Guy Maddin's Dracula: Pages From A Virgin's Diary Guy Maddin

Guy Maddin's Dracula: Pages From A Virgin's DiaryGuy Maddin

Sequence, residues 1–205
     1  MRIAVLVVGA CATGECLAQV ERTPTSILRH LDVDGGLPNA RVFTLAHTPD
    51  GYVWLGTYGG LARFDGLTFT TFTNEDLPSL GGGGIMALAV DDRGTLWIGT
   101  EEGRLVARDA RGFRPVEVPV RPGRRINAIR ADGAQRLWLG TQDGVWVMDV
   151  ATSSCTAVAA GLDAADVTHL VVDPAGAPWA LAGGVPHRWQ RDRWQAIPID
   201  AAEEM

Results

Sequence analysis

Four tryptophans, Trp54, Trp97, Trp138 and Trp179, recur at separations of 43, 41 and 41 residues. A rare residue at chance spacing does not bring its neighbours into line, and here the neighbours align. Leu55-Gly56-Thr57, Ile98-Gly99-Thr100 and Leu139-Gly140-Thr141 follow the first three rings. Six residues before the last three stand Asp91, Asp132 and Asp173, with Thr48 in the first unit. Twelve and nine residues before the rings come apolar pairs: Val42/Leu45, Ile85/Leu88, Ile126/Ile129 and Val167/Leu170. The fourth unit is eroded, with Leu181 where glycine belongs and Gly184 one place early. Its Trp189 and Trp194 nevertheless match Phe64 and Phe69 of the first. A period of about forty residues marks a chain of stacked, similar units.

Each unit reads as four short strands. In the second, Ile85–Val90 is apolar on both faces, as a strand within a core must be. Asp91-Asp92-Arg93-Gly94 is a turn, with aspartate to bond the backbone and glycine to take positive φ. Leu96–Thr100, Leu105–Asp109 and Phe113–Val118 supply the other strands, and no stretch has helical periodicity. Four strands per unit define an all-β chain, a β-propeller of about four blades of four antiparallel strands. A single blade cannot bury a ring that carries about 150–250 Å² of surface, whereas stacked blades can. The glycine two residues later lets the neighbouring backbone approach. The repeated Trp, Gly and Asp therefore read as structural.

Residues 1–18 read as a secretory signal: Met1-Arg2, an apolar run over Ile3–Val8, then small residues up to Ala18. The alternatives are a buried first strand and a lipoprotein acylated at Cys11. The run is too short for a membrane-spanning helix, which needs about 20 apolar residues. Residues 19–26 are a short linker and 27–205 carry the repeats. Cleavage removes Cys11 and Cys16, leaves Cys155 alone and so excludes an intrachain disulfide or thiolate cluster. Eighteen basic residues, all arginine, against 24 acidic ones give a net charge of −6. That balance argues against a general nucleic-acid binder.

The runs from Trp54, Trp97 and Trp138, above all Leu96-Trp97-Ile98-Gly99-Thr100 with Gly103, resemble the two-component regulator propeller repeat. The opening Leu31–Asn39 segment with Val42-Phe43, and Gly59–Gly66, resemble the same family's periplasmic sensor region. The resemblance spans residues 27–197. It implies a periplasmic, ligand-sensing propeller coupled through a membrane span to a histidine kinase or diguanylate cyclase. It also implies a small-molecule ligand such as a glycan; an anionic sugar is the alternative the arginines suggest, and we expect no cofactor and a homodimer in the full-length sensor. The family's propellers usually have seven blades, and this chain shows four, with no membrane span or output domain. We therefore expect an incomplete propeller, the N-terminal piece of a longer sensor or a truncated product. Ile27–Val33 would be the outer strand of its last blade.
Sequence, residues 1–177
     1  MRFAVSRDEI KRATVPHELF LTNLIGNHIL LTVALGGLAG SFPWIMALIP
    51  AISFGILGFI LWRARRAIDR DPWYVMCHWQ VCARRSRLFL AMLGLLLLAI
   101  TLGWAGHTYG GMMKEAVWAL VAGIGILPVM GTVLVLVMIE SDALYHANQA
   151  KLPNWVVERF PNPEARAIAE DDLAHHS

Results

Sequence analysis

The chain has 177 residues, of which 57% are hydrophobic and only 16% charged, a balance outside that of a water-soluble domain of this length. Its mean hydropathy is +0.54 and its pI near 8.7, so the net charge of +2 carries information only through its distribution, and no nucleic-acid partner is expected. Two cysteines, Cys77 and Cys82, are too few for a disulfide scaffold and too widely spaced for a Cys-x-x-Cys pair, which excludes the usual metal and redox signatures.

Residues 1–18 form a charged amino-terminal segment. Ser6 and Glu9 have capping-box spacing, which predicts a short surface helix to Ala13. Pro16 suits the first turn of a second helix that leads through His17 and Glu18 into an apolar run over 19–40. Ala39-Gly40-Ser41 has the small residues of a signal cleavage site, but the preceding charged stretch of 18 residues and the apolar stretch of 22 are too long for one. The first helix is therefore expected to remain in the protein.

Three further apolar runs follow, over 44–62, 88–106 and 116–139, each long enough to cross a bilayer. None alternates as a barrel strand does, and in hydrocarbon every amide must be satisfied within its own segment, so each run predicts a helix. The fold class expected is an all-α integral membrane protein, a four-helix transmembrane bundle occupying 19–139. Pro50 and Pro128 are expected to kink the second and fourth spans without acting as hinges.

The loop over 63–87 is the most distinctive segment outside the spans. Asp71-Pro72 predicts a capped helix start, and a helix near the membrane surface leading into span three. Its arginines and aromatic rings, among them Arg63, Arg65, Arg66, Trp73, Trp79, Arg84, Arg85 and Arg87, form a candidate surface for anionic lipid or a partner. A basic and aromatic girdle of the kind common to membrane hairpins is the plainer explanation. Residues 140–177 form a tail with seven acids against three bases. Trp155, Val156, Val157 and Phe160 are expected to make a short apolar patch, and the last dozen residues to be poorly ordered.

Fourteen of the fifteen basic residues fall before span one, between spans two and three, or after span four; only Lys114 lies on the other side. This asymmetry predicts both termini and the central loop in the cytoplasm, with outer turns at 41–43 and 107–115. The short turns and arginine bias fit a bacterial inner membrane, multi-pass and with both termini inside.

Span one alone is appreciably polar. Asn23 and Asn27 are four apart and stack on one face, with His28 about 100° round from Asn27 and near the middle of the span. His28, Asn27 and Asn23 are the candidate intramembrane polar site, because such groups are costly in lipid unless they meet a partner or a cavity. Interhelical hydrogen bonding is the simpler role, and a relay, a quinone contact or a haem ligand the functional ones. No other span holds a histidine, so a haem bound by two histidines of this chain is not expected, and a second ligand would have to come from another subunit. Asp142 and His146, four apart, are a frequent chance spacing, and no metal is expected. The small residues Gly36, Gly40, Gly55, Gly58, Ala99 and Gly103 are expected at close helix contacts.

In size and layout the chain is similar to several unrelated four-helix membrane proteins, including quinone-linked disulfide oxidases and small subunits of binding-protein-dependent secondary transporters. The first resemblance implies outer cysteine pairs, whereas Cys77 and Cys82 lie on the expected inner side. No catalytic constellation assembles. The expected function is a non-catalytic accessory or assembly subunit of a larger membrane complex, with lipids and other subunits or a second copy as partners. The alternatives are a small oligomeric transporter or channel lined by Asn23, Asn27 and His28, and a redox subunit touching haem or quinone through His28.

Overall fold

Guy Maddin is the only major filmmaker working today whose movies could be accurately described as otherworldly. The Winnipeg auteur's low-budget oddities, filmed on musty soundstages with 8mm black-and-white film stock, are so bizarre and unhinged in tone and spirit that they look like messages from an alternate reality. Roger Ebert wrote that his films resemble "memories from cinema's distant past" and nowhere is that feeling more prevalent than in 2003's Dracula: Pages from a Virgin's Diary, which harkens back to one of cinema's other masters of the otherworldly, F.W. Murnau. Silent, grainy and claustrophobic, Maddin's film seems to exist in the same cinematic universe as Murnau's seminal Dracula adaptation Nosferatu, but with a crucial difference: Maddin's film is based on a Royal Winnipeg Ballet production by Mark Godden. While most filmed ballets are captured in spacious, long shots, Maddin elects to shoot this production in cramped, choppily edited close-ups, enhancing the strangeness of the source material. The resulting film, alternately playful and reverent in its treatment of the Dracula mythos, filters Murnau's earnest spookiness through eight decades of vampire-based pop culture kitsch, as well as Maddin's distinctly eccentric visual style. In short, Dracula: Pages from a Virgin's Diary is one of a kind. The film has been reissued on DVD, presumably in response to the success of Maddin's recent My Winnipeg, but like the previous edition, it's bereft of any extras. That's just as well — documentaries full of "behind-the-scenes" titbits could only detract from the film's surreal ambiance. (E1)